Runaway Mitochondria Cause Telomere Damage in Cells
By Erin Hare
Using a technology developed by Carnegie Mellon University's Marcel Bruchez, researchers at UPMC Hillman Cancer Center have provided the first concrete evidence for the long-held belief that sick mitochondria pollute the cells they're supposed to be supplying with power.
The paper, published this week in the Proceedings of the National Academy of Sciences, involves a causal experiment to kick off a mitochondrial chain reaction that wreaks havoc on the cell, all the way down to the genetic level.
"I like to call it 'the Chernobyl effect' -- you've turned the reactor on and now you can't turn it off," said senior author Bennett Van Houten, professor of pharmacology and chemical biology at the University of Pittsburgh School of Medicine and UPMC Hillman Cancer Center. "You have this clean-burning machine that's now polluting like mad, and that pollution feeds back and hurts electron transport function. It's a vicious cycle."
Van Houten's team used a new technology invented by Bruchez, professor of biological sciences and chemistry and director of the Molecular Biosensor and Imaging Center at Carnegie Mellon University, that produces damaging reactive oxygen species -- in this case, singlet oxygen -- inside the mitochondria when exposed to light.
"That's the Chernobyl incident," Van Houten said. "Once you turn the light off, there's no more singlet oxygen anymore, but you've disrupted the electron transport chain, so after 48 hours, the mitochondria are still leaking out reactive oxygen -- but the cells aren't dying, they're just sitting there erupting."
At this point, the nucleus of the cell is being pummeled by free radicals. It shrinks and contorts. The cell stops dividing. Yet, the DNA seems oddly intact.
That is, until the researchers start looking specifically at the telomeres -- the protective caps on the end of each chromosome that allow them to continue replicating and replenishing. Telomeres are extremely small, so DNA damage restricted to telomeres alone may not show up in a whole-genome test, like the one the researchers had been using up to this point.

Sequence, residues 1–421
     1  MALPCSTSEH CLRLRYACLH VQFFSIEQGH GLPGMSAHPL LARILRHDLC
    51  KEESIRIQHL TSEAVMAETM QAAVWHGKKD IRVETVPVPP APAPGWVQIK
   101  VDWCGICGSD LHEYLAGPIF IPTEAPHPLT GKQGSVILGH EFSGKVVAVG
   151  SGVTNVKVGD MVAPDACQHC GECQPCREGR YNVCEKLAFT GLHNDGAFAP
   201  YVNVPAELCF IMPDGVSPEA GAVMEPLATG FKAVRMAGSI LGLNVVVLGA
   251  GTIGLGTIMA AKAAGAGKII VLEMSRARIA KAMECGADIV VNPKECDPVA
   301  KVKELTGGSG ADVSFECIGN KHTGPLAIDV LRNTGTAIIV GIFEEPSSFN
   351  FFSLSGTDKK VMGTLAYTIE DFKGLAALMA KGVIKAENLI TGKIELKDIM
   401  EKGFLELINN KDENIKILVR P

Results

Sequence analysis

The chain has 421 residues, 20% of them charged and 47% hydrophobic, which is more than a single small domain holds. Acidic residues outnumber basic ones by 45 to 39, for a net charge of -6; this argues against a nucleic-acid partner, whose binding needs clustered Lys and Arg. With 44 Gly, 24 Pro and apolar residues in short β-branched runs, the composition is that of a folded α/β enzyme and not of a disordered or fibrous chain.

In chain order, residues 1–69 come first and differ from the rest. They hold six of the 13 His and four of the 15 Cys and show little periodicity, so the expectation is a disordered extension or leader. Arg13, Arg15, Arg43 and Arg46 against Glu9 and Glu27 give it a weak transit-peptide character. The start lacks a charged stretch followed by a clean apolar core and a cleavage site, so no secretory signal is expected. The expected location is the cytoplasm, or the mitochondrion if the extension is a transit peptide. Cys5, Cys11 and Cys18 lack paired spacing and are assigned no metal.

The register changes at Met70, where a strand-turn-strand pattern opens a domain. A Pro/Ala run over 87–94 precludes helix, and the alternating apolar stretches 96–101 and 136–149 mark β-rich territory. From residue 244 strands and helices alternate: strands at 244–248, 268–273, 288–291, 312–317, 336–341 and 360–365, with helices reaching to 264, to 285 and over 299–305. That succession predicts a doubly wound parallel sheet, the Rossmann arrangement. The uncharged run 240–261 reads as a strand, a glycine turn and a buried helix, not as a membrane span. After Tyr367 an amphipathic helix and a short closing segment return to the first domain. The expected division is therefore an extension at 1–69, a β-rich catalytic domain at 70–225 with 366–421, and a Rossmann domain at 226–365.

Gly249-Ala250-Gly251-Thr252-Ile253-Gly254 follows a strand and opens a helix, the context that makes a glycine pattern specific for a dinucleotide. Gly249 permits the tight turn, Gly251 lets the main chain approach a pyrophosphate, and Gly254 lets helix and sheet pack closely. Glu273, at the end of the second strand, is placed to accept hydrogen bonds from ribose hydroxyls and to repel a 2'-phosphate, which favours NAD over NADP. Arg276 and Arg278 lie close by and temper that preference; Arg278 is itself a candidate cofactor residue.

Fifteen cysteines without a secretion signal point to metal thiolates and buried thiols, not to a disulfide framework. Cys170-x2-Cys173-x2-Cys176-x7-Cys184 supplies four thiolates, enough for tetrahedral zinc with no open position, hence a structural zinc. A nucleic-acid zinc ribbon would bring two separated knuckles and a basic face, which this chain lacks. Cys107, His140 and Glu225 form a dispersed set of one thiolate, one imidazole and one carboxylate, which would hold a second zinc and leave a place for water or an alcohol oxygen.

"If you imagine the chromosome as a car, the telomere would be the width of its license plate," said study coauthor Patricia Opresko, professor of environmental and occupational health at the Pitt Graduate School of Public Health and UPMC Hillman.
So, to see the genetic effects of the mitochondrial meltdown, the researchers had to light up those tiny endcaps with fluorescent tags, and lo and behold, they found clear signs of telomeres' fragility and breakage.
Then, in a critical step, the researchers repeated the whole experiment on cells with inactivated mitochondria. Without the mitochondria to perpetuate the reaction, there was no buildup of free radicals inside the cell and no telomere damage.
"Basically, we shut the machine off before it had a chance to do any damage," Van Houten said.
These findings could be used for improving photodynamic cancer therapy, which involves bombarding solid tumors with reactive oxygen species using light delivered with fiber optic cables, Van Houten suggested.
One thing his team discovered in the course of these experiments is that inhibiting ATM -- a protein that signals DNA damage -- magnified the damaging effects of the reactive oxygen species spewed out by the mitochondria. The cells not only shriveled, but also died.
By combining photodynamic therapy with ATM inhibition, it may be possible to design a system that effectively kills cancer cells with light, Van Houten said.
Other authors on the study include Wei Qian, Namrata Kumar, Vera Roginskaya, Elise Fouquerel, and Shruti Shiva of Pitt; and Dmytro Kolodieznyi and Bruchez of Carnegie Mellon University.
This research was supported by the National Institutes of Health (R33ES025606 and R01GM017268), National Cancer Institute (P30CA047904) and the UPMC Aging Institute.